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What is the difference between a mass state and an interaction state ? 
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#1
Jun811, 09:54 AM

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I've encountered these terms a few times with no explanation, and googling around turns up absolutely nothing. Can anyone give me a brief description of the two terms, suitable for undergraduate level?
thanks. 


#2
Jun811, 11:39 AM

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I've never heard the terms used, but maybe a mass state is an eigenstate of H_{0} and an interaction state is an eigenstate of H_{0} + H_{int}.



#3
Jun811, 01:02 PM

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P: 2,337

In which context have you heard these somewhat strange notions?
Perhaps you refer to mixing phenomena (nowadays mostly coming up in the context of neutrino oscillations), where the masseigen states are different from the chargeeigen states of the interaction in which these particles are involved? In the case of neutrinos the mass eigenstates that admit to define asymptotically free Fock states are different from the flavoreigen states, i.e., an electron antineutrino (coming, e.g., from the beta decay of a neutron) is a superposition of antineutrinomass eigenstates. Longer known is the mixing of the quarks, where the corresponding unitary matrix which transforms from the flavoreigen state basis to the masseigen state basis is named the CKM matrix (named after Cabibbo, Kobayashi, and Maskawa).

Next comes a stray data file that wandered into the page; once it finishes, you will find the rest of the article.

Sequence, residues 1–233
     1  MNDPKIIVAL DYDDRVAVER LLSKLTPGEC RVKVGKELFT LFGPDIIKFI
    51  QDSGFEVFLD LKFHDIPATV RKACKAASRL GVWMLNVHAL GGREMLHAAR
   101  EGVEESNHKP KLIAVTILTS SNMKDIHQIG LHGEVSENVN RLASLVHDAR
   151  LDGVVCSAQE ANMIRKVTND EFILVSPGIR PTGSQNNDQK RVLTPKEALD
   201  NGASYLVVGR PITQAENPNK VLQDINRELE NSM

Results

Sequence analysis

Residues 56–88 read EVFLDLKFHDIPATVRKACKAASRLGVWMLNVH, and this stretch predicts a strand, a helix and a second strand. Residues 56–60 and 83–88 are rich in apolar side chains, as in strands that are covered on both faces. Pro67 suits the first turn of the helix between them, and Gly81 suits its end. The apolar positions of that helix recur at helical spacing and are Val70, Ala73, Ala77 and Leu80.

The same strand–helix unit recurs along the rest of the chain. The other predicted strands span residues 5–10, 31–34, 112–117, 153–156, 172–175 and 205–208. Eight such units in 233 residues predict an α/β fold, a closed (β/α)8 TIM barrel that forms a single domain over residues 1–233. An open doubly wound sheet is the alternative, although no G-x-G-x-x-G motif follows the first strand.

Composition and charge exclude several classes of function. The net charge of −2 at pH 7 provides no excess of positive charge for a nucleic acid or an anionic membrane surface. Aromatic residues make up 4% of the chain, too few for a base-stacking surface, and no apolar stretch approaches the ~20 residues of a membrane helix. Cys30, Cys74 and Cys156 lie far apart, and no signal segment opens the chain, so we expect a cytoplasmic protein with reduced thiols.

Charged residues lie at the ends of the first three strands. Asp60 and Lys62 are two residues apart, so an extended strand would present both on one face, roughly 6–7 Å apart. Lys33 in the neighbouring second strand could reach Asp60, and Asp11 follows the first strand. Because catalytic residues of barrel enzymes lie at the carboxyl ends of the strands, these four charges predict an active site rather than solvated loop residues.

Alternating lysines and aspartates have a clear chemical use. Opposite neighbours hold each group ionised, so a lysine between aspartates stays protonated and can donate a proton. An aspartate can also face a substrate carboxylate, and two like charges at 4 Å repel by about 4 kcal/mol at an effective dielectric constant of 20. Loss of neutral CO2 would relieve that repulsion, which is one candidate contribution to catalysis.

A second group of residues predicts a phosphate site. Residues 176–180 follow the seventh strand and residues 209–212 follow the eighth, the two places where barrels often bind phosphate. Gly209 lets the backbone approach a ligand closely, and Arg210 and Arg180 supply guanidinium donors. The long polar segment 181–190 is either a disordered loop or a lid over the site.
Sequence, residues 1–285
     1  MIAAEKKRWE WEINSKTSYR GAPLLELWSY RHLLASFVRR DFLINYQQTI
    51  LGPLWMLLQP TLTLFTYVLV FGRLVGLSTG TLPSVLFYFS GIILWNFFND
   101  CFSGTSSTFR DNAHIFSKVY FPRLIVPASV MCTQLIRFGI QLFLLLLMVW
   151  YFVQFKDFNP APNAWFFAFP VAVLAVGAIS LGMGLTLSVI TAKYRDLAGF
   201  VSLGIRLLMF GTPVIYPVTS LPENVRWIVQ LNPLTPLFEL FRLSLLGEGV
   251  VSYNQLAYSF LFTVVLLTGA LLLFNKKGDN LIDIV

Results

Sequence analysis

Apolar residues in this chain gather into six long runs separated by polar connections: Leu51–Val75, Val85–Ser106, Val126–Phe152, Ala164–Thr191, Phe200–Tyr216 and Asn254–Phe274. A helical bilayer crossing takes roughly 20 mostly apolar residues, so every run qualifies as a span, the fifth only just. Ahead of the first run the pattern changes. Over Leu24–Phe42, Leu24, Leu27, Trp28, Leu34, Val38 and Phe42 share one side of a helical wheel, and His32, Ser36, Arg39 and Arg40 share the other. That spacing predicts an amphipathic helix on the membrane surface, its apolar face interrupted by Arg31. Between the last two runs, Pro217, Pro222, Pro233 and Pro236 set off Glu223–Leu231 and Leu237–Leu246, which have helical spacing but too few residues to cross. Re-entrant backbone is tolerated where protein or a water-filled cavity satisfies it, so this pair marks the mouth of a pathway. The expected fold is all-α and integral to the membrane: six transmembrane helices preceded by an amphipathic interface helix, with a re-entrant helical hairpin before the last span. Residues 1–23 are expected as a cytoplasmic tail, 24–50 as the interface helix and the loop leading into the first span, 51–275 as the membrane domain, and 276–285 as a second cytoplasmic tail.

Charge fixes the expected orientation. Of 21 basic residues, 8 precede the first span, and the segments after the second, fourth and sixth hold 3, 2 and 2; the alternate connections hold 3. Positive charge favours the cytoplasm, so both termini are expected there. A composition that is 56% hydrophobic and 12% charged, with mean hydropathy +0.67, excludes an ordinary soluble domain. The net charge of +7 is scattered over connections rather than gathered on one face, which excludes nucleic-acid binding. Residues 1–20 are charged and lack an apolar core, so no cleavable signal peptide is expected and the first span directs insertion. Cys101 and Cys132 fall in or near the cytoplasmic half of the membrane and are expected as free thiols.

#4
Jun811, 03:12 PM

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P: 1,256

What is the difference between a mass state and an interaction state ?
The "mass state" in the linear combination of the states that propagates like a state with definite mass. The "interaction state" is the linear combination that is produced by some interation. For example, two different neutral K meson states are produced in a strong interaction. The "interaction states" are K_1 which decays to two pions, and K_2 which decays to three pions. The "mass states" are K_short and K_long which move at slightly different velocities with the same energy. The mass and interaction states are related by a 2X2 matrix, and this leads to oscillation between the K_1 and K_2 states. 


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